Four to 6 inches of fresh snow and roughly half an inch of rain fell over the Central Sierra Monday morning, and weather experts say more is on the way.National Weather Service forecasters issued a Winter Storm Warning for the region this morning, saying rain and snow as low as 2,600 feet are all but certain late tonight.More of the same is forecast for Wednesday - with a 100 percent chance of precipitation and snow down to 1,600 feet. While flakes may fall, little or no snow accumulation is forecast in the foothills.Holly Osborne, National Weather Service meteorologist, said the storm system that passed south of Interstate 80 on Monday was relatively weak, but the system expected to hit the region over the next 24 hours will pack more of a punch."This storm is stronger than the ones we've seen lately," Osborne said. "We haven't seen much this winter."The system could drop nearly 2 feet of snow in the high elevations of the Sierra Nevada by Wednesday morning.Temperatures will drop to the low to upper 30s on Wednesday, before another warming trend begins on Friday. Highs on Saturday will likely be in the upper 50s or lower 60s, Osborne said.The rain and snow couldn't come a moment too soon for area water resource managers and ski resort operators, who for months have been grappling with precipitation levels well below normal for this time of year.Dodge Ridge spokeswoman Amber Jenquin said the Pinecrest-area ski resort got a healthy dose of snow on Monday and was looking forward to even more favorable ski conditions over the weekend. She said various ski runs received 3 to 6 inches of powder."It could be perfect skiing conditions for Saturday," she said.She said the recent snowfall will greatly improve prospects for a winter recreation season that has seen fewer skiers and snow boarders hitting the slopes than years past."We will be open through April as long as the snow keeps coming," she said.The story was similar at Bear Valley off Highway 4. The resort has seen 4 inches of fresh powder, according to Mattly Trent, assistant ski patrol director."We're hoping for crowds of people to get psyched about the snow and then come up," he said.He said the snowfall for the season is below normal, at 90 inches. It would typically be above 200 inches for this time of year."I think these storms are going to help us out for the rest of the season," said Trent, who added that the slopes will be open through April.The rain did little to help storage levels at Lyons and Pinecrest reservoirs, the source of much of Tuolumne County's drinking water, but officials at the Tuolumne Utilities District were hopeful Wednesday's storm will bring yet more water."We'll take what we can get, but it was a pretty weak rainfall and snowfall," said TUD General Manager Pete Kampa. "We certainly need a lot more (rain) or we are looking at substantial water conservation to get us through the rest of the year."The light storm had a negligible impact on traffic in the region.Sonora, Ebbetts and Tioga passes all remain closed for the winter season. The Grapevine Pass on Interstate 5 was closed briefly on Monday as crews tried to clear snow from the vital Central and Southern California artery.For more information on highway conditions, call the Caltrans automated number for road conditions at 800-427-7623.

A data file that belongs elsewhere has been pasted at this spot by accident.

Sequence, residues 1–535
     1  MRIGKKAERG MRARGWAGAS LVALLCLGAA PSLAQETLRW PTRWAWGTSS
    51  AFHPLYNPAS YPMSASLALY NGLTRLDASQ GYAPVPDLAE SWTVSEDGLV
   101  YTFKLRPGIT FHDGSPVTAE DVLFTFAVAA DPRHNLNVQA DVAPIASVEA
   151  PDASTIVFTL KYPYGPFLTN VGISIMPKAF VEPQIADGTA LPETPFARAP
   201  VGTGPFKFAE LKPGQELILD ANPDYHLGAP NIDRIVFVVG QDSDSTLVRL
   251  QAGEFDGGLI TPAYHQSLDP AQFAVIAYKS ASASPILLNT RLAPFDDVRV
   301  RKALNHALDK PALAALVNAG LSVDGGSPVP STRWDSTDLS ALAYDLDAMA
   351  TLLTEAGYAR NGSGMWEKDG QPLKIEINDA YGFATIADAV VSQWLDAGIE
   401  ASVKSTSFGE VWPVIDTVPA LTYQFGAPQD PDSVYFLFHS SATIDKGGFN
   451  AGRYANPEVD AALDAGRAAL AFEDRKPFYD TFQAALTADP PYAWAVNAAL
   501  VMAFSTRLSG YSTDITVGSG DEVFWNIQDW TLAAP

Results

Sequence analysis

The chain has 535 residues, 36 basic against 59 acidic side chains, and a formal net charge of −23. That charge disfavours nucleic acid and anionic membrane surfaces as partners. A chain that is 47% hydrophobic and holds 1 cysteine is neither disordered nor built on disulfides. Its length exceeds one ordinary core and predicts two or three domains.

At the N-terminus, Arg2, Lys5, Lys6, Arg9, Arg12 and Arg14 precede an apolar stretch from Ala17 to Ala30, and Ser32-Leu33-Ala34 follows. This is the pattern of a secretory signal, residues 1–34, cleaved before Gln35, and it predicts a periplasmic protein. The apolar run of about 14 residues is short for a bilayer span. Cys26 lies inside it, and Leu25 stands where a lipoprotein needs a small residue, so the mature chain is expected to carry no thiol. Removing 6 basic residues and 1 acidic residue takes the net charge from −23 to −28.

11867991